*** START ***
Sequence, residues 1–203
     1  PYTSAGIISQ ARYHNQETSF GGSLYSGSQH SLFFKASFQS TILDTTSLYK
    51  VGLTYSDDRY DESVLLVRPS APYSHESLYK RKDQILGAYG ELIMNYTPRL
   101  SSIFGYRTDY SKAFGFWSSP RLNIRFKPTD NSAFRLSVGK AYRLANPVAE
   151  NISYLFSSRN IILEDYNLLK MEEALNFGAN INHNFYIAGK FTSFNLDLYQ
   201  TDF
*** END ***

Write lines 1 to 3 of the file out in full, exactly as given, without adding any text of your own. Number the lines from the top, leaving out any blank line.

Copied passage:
Sequence, residues 1–203
     1  PYTSAGIISQ ARYHNQETSF GGSLYSGSQH SLFFKASFQS TILDTTSLYK
    51  VGLTYSDDRY DESVLLVRPS APYSHESLYK RKDQILGAYG ELIMNYTPRL